Bundesverwaltungsgericht, St. Gallen



Must a modern building, which houses the Federal Administrative Court necessarily show an architecture as a symbol of state power? Are in an enlightened society "Justice Palaces" still appropriate, even if they come along in modern-minimalist fairing?

OAP has developed as a contribution to a public competition for the construction of the Federal Administrative Court in St. Gallen a building typology, which resembles an open organism with its operational and functional forms. The organizational form of administrative pools can be implemented in different ways in this flexible space. Just as from the base of a democratic society the individual grows, we chose a form in which to develop individual structures out of a connecting pedestal.

This also has quite urbanistic reasons. The dense but small-scale 19th century development on the western side of the hill and the more suburban character of the scattered buildings along the "Rosenberg", benefit from the connecting force of a larger building, without which the fragmented nature of the surrounding villas would be thwarted. Their volumes are incorporated in a larger courthouse, and consistently continued to individual buildings in the residential development. In this urban setting the result is one of generous functionality.

The main entrance of the courthouse leads into an open entrance hall, which shows an internal built landscape following the outer topography. The sequence of spaces reflect the width and transparency of the modern state, e.g. looking through the library which opens the view to the terrain behind.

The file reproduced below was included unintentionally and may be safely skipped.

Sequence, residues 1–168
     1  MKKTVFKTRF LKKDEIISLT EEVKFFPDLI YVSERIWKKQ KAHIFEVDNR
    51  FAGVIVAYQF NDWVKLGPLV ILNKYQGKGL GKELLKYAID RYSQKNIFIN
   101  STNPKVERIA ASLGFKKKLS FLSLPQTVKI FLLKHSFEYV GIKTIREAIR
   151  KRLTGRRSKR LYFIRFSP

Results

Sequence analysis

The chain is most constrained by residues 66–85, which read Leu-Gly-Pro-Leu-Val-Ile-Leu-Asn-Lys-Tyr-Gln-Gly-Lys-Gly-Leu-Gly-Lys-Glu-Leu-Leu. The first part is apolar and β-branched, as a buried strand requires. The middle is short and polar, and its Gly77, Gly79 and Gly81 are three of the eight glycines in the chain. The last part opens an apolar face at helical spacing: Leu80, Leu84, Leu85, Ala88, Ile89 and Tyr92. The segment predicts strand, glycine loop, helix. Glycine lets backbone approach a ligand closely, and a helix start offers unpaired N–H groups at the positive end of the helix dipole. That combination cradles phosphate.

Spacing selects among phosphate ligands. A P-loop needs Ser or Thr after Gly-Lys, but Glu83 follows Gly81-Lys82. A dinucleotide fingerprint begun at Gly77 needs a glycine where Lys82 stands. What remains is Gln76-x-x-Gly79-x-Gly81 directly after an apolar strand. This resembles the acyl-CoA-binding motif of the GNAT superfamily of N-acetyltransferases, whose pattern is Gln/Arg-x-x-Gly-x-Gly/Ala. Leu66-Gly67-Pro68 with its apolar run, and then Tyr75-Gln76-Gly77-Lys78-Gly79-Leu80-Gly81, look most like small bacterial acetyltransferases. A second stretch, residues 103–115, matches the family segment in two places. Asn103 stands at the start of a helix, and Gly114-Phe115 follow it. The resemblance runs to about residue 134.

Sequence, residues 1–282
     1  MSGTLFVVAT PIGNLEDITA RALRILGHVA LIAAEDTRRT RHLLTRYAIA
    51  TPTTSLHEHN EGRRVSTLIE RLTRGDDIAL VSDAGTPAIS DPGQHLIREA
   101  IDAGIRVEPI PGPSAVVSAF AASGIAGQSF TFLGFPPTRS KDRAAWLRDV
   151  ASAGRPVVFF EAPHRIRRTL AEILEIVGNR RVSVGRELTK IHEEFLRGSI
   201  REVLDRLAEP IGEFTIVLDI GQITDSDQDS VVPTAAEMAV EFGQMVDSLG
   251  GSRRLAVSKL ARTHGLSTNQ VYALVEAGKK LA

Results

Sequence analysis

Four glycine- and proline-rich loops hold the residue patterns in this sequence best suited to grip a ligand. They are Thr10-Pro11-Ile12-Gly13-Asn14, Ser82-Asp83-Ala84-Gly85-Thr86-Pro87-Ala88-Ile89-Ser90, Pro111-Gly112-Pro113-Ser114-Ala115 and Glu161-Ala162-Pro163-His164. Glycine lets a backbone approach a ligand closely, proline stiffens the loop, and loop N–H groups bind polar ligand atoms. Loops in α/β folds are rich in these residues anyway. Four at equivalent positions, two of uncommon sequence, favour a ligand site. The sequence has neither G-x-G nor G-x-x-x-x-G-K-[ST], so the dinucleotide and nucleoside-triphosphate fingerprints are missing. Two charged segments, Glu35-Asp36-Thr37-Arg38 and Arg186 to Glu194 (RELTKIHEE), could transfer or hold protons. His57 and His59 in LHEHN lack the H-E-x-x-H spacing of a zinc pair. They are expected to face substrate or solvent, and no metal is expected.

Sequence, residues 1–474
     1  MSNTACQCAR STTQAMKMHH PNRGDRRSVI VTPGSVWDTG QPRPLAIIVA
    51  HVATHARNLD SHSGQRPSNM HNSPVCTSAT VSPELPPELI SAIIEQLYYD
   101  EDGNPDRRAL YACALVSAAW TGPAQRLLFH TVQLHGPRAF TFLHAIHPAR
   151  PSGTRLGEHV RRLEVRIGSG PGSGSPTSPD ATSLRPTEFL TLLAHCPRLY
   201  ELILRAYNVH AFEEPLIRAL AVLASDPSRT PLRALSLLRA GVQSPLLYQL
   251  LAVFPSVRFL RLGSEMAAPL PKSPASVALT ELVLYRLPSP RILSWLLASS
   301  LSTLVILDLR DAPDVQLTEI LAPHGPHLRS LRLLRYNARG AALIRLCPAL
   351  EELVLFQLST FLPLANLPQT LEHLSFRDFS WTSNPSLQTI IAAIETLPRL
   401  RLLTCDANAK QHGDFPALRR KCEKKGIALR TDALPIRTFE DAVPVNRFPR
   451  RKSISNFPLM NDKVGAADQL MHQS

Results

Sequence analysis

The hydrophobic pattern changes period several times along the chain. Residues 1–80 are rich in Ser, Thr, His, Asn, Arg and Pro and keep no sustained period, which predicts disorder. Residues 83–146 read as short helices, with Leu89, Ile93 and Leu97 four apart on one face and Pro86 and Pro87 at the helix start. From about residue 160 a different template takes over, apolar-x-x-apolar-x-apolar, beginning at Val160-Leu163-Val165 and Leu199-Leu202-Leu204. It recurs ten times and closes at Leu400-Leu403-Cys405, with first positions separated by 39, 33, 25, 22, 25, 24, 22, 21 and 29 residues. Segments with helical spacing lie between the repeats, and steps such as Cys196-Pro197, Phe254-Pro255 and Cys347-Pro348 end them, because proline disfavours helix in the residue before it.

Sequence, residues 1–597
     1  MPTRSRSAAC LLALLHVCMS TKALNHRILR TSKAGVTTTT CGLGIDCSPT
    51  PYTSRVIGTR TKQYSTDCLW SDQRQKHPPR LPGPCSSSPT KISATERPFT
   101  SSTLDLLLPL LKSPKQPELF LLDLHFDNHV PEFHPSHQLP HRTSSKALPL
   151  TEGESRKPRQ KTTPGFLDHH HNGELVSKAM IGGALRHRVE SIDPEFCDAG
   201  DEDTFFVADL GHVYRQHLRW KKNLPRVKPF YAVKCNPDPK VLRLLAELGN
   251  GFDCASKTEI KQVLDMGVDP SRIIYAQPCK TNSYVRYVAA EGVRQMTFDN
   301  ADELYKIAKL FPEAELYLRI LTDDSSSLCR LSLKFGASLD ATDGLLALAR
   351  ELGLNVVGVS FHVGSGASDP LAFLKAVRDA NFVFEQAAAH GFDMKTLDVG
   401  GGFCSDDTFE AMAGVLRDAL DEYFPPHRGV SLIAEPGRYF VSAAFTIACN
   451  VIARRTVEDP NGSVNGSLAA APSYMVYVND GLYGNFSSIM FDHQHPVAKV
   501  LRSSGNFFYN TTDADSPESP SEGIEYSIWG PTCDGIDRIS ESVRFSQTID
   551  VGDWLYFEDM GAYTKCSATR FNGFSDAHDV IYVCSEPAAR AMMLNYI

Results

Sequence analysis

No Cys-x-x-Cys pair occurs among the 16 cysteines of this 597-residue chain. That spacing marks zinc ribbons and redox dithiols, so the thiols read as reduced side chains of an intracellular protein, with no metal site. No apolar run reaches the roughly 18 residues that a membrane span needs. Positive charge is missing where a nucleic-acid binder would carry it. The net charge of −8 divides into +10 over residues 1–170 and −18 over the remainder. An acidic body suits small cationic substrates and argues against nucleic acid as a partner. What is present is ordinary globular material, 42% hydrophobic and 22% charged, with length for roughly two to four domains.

The entrance through the buildings pedestal follows the topography and results in a built "landscape" with staggered, ascending spatial sequences.

Through the terraced distribution of the building diverse views and courtyard situations are created.

At one level, the residential buildings can be flexibly changed into either three- and four-room apartments or five and two-room apartments.

Excerpt from the jury report:
"The authors interpret the competition area as an urban unit and accordingly propose a solution for the court and the residential front, which has volumetric similarities and can be read from a distance as one unit. The selected module - a square cube of three to four storeys - thus covering the whole competition area, is tied together by a base building, the courthouse. The development has a good graininess, and therefore can be easily integrated into the quarter; ... "